February 28, 2003

Out of context…

I’m a big fan of Daypop, the news and weblog search engine. They have a new feature I find fascinating. It’s called “Top Word Bursts,” and it tracks popular words across the blogosphere. Why? I don’t know. What do single terms “mean” out of context?

One use I can see for Word Bursts is shameless self-promotion, turning us bloggers into telemarketers of a sort–annoying! You see, the goal would be to post an entry every day that contains as many of the popular words as you can stuff into a few sentences. Some words would be difficult to work smoothly into a discourse. For example, how do you work adwords, spybots, and isonews into the same entry? Sounds like a recipe for brain stagnation. Might be perilous to one’s popularity. Your readers might end up dazed by the feat. Bezos as it may, some will try. I can horta cry of “foul” from those with more self-respect.

As a concession to good blogging, I think we should resist cheap attempts to wabi our rfid.

February 28, 2003

Psychology 101…

As I was reading William Powers‘ column on talk-radio pundits, I thought I might begin this entry with: “William Powers is a voice of sanity in media criticism.” While I believe that’s true, starting that way would be a bit ironic considering his foray into pop psychology and what I would actually “mean” by sanity.

Powers considers the role of ideology in talk-radio. He says:

The word “ideology” comes from the Greek idea, and the dictionary defines it as a system of ideas, a way of thinking about the world. But in the media today, ideology is not about thinking at all. It’s about the opposite of thinking: perfect allegiance to a rigid menu of positions and attitudes, and unbending fealty to either Team A or Team B. There’s no room for variation, eccentricity, originality or independence, because the two teams are engaged in a battle for an enormously valuable prize.

What Powers describes, obviously, is not ideology, but dogma. The prize is money. And money is earned by producing an entertaining product that has more to do with the amusement of struggle than the serious consideration of ideas. Oh, and the hosts? They are personally driven by anger:

All media ideologues have one thing in common: anger. Scratch a real ideologue, left or right, and invariably what you find is a person who is working out some ancient vendetta against a parent, a sibling, a school, a company or some social group that rejected them and made them feel small. The anger became a passion, and passion can produce compelling, lucrative media content.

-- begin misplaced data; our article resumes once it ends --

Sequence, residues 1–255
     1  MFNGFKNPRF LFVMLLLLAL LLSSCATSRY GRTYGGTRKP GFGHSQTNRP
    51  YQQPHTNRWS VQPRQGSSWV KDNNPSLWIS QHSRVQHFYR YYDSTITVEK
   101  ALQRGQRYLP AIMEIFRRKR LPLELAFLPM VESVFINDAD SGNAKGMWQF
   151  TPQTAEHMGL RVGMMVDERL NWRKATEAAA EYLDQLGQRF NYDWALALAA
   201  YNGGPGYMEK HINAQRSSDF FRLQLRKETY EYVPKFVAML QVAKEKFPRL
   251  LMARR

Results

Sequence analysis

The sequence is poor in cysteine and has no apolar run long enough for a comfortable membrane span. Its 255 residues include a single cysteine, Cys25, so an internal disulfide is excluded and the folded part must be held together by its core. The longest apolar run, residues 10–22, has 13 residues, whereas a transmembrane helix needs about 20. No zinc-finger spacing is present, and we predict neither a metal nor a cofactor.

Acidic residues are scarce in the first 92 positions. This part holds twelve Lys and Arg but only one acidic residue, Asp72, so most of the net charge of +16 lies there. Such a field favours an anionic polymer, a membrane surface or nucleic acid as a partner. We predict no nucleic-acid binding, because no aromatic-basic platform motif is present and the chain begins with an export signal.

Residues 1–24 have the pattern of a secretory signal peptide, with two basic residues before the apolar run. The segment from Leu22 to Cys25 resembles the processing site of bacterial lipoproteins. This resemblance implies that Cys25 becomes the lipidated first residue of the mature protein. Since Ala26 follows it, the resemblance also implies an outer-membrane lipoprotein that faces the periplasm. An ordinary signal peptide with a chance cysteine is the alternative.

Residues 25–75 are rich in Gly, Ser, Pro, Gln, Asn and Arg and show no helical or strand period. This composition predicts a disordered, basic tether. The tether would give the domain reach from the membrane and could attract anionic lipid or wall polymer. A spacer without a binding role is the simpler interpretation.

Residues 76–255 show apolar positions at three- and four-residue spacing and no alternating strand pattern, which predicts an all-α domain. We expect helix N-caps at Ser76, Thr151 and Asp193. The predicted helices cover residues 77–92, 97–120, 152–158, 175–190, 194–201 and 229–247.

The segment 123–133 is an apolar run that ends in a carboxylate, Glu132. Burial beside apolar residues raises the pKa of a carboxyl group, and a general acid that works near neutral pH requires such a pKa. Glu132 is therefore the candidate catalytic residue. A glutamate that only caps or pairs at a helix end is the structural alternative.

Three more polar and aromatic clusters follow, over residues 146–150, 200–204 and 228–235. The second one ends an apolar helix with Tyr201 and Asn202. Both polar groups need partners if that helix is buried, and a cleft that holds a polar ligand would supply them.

I enjoy cogent commentary. But I also enjoy a well-crafted rant–exactly what Powers gives us. I mean no disrespect–quite the contrary. This pop-psychobabble about anger may have some shred of truth to it. That’s hardly the point. Powers’ rhetorical maneuver is to use that dubious analysis as a stinging rebuke embedded in an otherwise rational commentary.

In other words, Powers just called Limbaugh/Moore and their ilk “craven, money-driven entertainers” without the overt name-calling.

February 27, 2003

The drift of public mood…

Jack Shafer points to a facinating study of news consuming habits in his column about why MSNBC cancelled Phil Donahue’s show. Shafer claims the cancellation may be attributed to who watches cable news: conservatives.

According to the study, a greater percentage of self-identified conservatives “regularly watch, read, or listen to” news and information from a wide range of specific outlets than those who self-identify as liberals. Of the media listed in the graphic “Audience Ideology Profile,” self-identified liberals are the greater percentage of the audience for just one category: literary magazines. Hmmmm…

It’s difficult to image that liberals are not consuming news and information or that liberals make up such a tiny portion of the population. Rather, as the party structure of politics continues to erode, an ever-increasing number of people self-identify as “moderate” or “independent.” The terms “liberal” and “conservative” (as often applied to party identification) swing in and out of popularity with shifts in the public mood. Without a strong party structure in a citizen’s day-to-day experience of politics, similar to situations earlier in our history, citizens now drift back and forth across a broad moderate zone of ideology.

At the moment, the drift appears to be to the right of that zone. It would be folly to suppose that the public mood will loiter very long in any particular zone.